Berne’s Scripts

In his book “Transactional Analysis in Psychotherapy”, Eric Berne, (1961), provides a theory which is useful in analyzing social interactions.  His theory uses the concept of life scripts to describe a set of “unconscious relational patterns” (Erskine, 2010, p. 24).  Developed in childhood, they are relational patterns that reflect our attachment history and are repeated throughout life.  Scripts exist within limbic memory and influence our thoughts, perceptions and behaviors.  Finally, they provide “a generalization of specific experiences and an unconscious anticipation…that will be repeated throughout life” (Erskine, 2010, p. 22).  Berne uses the term “transference phenomena” (Ereskine, 2010, p. 15) to describe this repetitive nature reflected through our relationship history.

Concluding Thoughts…

Schemas are building blocks we utilize to understand our world in early childhood.  Goffman’s frames exist as an adult corollary, providing a means of impression management.  Finally, Berne’s scripts tie these two concepts together by allowing us to understand how our interactions are influenced by early childhood experiences.  Much of what we understand about the world, are assumed to be matters of fact. We expect others to see as we do with socially relevant meaning systems that can act as a guide for our interactions with one another. We expect others to comply behaviorally with this system of meaning regardless of whether it contradicts that individual’s true nature or lived experience.  We are disappointed when they do not comply for failing to validate this perceptual construct.  Kuhn calls contradictory evidence an anomaly (Kuhn, 2012).  Piaget (1952), asserts it is either assimilated or accommodated.  Berne (1961) uses script analysis to understand how social constructs influence our understanding of these relational anomalies. Overall, these concepts describe effectively how pluralistic ignorance is self-perpetuating.

As a contrarian, I feel it is important to note that “objective fact” and “common sense” are terms that often do not mean what we think they do.  They also happen to be highly overrated.  What is often perceived as “common sense” is instead a requisite deference to a schema-oriented social framework.  Objective facts frequently constitute lying by omission, when you consider their presentation edits out the fact that our experience of reality is Inherently subjective.  As a biracial individual, I have a lifetime of experiences with cultural relativism to back up this idea.  Things are never what they appear to be and we need to dig deeper…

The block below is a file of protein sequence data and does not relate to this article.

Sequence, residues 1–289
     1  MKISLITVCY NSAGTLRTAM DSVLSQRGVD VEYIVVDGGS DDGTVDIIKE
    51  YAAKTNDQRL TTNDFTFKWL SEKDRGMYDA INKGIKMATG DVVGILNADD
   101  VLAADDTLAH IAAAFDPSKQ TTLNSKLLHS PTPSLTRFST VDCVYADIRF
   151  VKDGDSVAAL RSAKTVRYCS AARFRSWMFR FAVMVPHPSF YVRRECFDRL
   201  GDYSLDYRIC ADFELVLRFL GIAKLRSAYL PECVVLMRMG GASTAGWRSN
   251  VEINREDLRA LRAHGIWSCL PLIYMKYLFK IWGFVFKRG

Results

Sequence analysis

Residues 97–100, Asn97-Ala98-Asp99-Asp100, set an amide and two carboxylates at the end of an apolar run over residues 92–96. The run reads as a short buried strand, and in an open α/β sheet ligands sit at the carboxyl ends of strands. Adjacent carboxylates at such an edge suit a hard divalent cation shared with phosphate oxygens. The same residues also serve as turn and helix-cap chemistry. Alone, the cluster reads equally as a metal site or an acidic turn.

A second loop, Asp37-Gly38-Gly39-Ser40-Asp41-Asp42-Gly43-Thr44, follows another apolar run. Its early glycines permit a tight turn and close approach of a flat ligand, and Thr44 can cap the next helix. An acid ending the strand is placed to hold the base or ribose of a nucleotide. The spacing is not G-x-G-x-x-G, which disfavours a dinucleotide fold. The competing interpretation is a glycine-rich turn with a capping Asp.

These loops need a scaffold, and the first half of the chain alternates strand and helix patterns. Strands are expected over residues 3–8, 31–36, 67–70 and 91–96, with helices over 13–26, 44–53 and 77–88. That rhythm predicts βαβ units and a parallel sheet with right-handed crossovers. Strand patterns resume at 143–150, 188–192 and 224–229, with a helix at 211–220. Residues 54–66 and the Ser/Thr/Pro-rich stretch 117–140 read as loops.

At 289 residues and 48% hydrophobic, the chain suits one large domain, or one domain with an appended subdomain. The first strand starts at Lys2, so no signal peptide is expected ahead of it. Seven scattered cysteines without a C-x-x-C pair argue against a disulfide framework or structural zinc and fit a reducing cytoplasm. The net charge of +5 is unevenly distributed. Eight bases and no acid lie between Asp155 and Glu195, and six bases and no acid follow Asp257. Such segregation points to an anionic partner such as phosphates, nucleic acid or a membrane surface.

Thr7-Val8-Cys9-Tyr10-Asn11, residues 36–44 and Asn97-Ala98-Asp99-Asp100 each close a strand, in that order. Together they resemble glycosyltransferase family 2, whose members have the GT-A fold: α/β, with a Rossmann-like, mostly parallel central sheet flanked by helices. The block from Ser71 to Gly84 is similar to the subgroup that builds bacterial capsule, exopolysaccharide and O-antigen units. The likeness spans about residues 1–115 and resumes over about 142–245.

What about the radical notion of thinking for myself and to hell with what others think?  There is something to be said for honoring my unique experience rather than bowing down to the bullshit perpetuated by “conventional wisdom”.

References

Berne, E. (1961). Transactional analysis in psychotherapy: A systematic individual and social psychiatry.
Bjerring, J. C., Hansen, J. U., Pedersen, Nikolaj Jang Lee (2014). On the rationality of pluralistic ignorance. Synthese, 191(11), 2445-2470. doi:10.1007/s11229-014-0434-1
Erskine, R. G. (2010).Life scripts: A transactional analysis of unconscious relational patterns. London: Karnac.
Goffman, E. (1974). Frame analysis: An essay on the organization of experience. Harvard University Press.
Kuhn, T. S. (2012). The structure of scientific revolutions. University of Chicago press.
Piaget, J. (1952). The origins of intelligence in children (Vol. 8, No. 5, pp. 18-1952). New York: International Universities Press.
Žvelc, G. (2009). Between self and others: Relational schemas as an integrating construct in psychotherapy. Transactional Analysis Journal, 39(1), 22-38.